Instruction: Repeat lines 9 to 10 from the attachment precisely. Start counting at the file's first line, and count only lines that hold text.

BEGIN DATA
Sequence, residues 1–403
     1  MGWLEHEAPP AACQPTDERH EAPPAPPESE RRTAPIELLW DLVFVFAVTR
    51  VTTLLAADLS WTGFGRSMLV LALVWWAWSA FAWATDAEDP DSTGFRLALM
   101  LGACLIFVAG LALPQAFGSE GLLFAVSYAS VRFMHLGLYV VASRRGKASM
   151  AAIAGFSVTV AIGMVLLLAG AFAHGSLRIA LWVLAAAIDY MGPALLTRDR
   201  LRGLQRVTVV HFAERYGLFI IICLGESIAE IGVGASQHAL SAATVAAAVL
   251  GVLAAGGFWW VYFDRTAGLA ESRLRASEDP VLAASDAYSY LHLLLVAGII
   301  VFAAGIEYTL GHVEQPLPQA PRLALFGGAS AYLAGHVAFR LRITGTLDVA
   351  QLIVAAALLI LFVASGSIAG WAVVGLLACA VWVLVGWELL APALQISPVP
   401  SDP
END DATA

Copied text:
   351  QLIVAAALLI LFVASGSIAG WAVVGLLACA VWVLVGWELL APALQISPVP
   401  SDP